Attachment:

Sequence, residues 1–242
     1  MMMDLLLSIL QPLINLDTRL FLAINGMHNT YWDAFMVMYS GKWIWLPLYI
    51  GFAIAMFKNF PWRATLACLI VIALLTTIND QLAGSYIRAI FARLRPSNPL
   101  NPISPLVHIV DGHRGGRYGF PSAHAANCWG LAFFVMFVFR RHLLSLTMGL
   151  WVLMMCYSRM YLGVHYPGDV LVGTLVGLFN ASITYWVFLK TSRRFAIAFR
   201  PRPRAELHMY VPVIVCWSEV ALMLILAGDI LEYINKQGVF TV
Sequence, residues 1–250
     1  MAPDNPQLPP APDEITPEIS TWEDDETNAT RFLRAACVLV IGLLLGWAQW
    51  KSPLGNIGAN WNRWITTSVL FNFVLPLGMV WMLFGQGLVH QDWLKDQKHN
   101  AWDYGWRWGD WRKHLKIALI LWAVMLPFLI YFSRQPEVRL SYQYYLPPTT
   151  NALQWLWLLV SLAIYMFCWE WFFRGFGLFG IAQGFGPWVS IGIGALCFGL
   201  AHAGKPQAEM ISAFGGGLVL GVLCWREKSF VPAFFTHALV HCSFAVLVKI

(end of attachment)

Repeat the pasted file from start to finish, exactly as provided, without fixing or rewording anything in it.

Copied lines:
Sequence, residues 1–242
     1  MMMDLLLSIL QPLINLDTRL FLAINGMHNT YWDAFMVMYS GKWIWLPLYI
    51  GFAIAMFKNF PWRATLACLI VIALLTTIND QLAGSYIRAI FARLRPSNPL
   101  NPISPLVHIV DGHRGGRYGF PSAHAANCWG LAFFVMFVFR RHLLSLTMGL
   151  WVLMMCYSRM YLGVHYPGDV LVGTLVGLFN ASITYWVFLK TSRRFAIAFR
   201  PRPRAELHMY VPVIVCWSEV ALMLILAGDI LEYINKQGVF TV
Sequence, residues 1–250
     1  MAPDNPQLPP APDEITPEIS TWEDDETNAT RFLRAACVLV IGLLLGWAQW
    51  KSPLGNIGAN WNRWITTSVL FNFVLPLGMV WMLFGQGLVH QDWLKDQKHN
   101  AWDYGWRWGD WRKHLKIALI LWAVMLPFLI YFSRQPEVRL SYQYYLPPTT
   151  NALQWLWLLV SLAIYMFCWE WFFRGFGLFG IAQGFGPWVS IGIGALCFGL
   201  AHAGKPQAEM ISAFGGGLVL GVLCWREKSF VPAFFTHALV HCSFAVLVKI